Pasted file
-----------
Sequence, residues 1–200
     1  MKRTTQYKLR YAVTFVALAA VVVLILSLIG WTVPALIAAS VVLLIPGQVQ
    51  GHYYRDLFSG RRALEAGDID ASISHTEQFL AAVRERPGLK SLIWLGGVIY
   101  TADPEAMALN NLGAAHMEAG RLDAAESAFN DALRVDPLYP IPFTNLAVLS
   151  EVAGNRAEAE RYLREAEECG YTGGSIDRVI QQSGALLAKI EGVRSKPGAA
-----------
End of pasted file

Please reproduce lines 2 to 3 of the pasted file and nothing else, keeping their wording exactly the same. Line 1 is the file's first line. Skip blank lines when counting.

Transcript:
     1  MKRTTQYKLR YAVTFVALAA VVVLILSLIG WTVPALIAAS VVLLIPGQVQ
    51  GHYYRDLFSG RRALEAGDID ASISHTEQFL AAVRERPGLK SLIWLGGVIY